Predicting the Course of Events

A constant emphasis we hear for any form of therapy is on achieving good outcomes. Is one approach better than the other? How do we, in the most efficient way, achieve the desired results?

In essence, what we aspire to do is predict the future course of events. It is worth taking a moment to savor what a difficult, yet crucial task that is. You must know two things to accomplish this

  • Where am I?

  • Where do I want to go?

Neither of these criteria is exactly easy in and of itself. Just figuring out where the client is presently requires a host of assessment challenges. And, while it is easy to think we all know where we want to go, that presents challenges as well. In essence, how will the client know they are better? But what criteria is this measured

Once those reference points are established, the therapist has to create a plan to get from where we are to the desired goal. As with any such task, there are many possibilities. If I wanted to get from Dayton, OH to Chicago, there are many possible choices.  At some point, one looks at the map and chooses a route. If you aren't exactly positive you are on the correct route, there is typically a sense of anxiety until you see a sign or familiar reference point that confirms you are on the right road.  The same can be said of the therapy journey as well. What signs along the way point to being on the road to improvement? 


This journey begins, at least at some level, at the end of the first session with a new client, when this person looks to me for further direction. Their question of "Now what?" is perfectly reasonable and appropriate. They want to know what to expect, how we plan to get there, and what signs along the way will point to progress. 

In response, my answer to this question is to lay out the most likely outcomes of our session. A typical answer might be something like the following:

  1. The improvement you now experience may last for several days and then symptoms may begin to return. I need to see you before they escalate to the original pain level. We don't want to lose all the improvement we have gained. 

  2. You feel better now, but symptoms may exacerbate in the next two days, only to abate significantly after the third day. We need to pay close attention to what happens then.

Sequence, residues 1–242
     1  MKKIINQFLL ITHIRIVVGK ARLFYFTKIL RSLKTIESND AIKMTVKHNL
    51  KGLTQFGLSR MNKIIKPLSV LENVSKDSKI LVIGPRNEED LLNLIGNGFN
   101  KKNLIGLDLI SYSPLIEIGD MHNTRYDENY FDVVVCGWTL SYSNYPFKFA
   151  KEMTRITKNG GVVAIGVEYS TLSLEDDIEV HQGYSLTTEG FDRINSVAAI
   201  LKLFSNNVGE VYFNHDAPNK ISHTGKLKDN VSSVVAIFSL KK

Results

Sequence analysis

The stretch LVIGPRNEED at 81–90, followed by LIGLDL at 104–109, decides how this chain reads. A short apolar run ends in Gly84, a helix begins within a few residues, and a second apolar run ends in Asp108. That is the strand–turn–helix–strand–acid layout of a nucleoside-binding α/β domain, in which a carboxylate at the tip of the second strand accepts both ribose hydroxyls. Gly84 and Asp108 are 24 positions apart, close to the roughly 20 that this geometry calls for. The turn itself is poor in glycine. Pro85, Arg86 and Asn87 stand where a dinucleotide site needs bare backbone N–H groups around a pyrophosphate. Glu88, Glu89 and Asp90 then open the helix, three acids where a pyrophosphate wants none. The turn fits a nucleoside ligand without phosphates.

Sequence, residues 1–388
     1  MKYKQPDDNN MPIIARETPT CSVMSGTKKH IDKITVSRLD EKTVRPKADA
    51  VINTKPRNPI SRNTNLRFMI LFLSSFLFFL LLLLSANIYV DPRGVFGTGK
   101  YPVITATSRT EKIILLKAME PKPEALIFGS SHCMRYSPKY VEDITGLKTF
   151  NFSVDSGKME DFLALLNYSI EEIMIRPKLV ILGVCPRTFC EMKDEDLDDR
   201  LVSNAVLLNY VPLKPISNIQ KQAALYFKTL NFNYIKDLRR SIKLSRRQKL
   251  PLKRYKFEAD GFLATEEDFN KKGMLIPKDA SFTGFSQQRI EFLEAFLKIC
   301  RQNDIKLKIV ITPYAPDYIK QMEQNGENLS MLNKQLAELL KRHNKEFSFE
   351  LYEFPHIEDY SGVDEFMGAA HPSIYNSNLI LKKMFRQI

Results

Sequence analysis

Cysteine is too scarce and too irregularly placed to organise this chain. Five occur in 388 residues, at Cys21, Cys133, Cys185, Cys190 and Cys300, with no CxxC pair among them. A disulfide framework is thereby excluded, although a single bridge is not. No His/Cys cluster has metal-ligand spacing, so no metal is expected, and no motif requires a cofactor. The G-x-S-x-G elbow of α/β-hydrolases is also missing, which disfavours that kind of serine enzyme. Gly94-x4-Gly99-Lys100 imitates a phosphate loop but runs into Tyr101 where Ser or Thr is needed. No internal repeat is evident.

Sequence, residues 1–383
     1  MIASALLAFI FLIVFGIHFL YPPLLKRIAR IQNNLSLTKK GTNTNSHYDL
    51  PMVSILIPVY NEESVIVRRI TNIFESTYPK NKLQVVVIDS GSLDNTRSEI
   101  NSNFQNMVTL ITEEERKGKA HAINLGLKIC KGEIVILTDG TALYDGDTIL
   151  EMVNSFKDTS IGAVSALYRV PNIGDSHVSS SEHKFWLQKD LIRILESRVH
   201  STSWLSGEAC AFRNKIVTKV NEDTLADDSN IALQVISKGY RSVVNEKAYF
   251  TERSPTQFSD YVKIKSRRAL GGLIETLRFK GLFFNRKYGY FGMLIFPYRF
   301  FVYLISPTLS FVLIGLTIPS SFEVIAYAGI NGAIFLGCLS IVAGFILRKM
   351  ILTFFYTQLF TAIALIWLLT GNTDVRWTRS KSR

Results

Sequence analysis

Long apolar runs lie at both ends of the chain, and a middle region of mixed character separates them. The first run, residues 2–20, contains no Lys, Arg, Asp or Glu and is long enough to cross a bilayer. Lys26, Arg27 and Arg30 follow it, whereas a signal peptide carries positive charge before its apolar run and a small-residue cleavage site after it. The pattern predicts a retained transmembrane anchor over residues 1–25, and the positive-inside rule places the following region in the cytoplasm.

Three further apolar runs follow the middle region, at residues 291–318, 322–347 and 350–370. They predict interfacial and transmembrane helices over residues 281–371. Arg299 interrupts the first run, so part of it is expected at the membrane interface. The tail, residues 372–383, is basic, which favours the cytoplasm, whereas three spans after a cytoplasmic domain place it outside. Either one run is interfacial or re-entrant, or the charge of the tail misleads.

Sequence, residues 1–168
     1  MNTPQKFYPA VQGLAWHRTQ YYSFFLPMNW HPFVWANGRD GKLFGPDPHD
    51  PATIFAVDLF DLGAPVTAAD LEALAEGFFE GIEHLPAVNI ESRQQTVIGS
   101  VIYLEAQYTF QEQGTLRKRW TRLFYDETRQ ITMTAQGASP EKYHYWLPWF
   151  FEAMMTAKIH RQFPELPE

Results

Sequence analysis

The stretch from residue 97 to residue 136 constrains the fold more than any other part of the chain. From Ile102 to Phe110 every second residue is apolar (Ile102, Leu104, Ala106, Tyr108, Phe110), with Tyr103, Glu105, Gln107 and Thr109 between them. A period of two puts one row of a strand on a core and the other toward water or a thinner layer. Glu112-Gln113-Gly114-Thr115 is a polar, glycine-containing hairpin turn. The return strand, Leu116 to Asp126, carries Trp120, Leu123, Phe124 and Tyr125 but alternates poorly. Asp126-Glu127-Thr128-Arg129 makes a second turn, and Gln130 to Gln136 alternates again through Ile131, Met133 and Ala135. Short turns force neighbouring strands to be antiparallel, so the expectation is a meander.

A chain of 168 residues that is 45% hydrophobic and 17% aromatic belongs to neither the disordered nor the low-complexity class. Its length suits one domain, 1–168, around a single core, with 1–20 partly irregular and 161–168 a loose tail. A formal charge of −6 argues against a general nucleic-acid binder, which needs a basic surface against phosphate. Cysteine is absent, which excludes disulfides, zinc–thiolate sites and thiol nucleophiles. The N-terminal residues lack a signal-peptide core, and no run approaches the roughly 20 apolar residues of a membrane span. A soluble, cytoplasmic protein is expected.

3. The improvement you notice now may be slightly better each day. If so, let's see how long we can "ride that wave". The if the symptoms increase and that lasts for more than two days, we need to work again. 

  4. It is unlikely, but it you notice nothing, symptoms are no better and no worse, I am completely off base and we need reevaluate the approach. 

I instruct the client to inform me right away if their experience is not one of the possible outcomes I have explained to them. This is vitally important; if the trajectory of treatment is a complete surprise to me, it means that my model of understanding of the problem is probably fundamentally incorrect. Yes, this would also be true if the client had a seemingly miraculous outcome. While they will certainly be thrilled with the results, I will not. All it means is that I got very lucky and the likelihood of repeating that outcome with the next client with similar symptoms is remote. In essence, if I understand the problem, (#1), I should also have a good idea where we are going (#2). If #2 is incorrect, refer back to #1!

This isn't an easy task- there are so many variables along the way. Like any journey, there are likely to be struggles and delays, but good travelers know to react to whatever comes their way. Good clinicians have the same skill set- every outcome is a clue as how to approach the problem. Fully engage your client in the process as well. It will give them a sense of agency in the process, something that is often lacking in their experience with the health care system.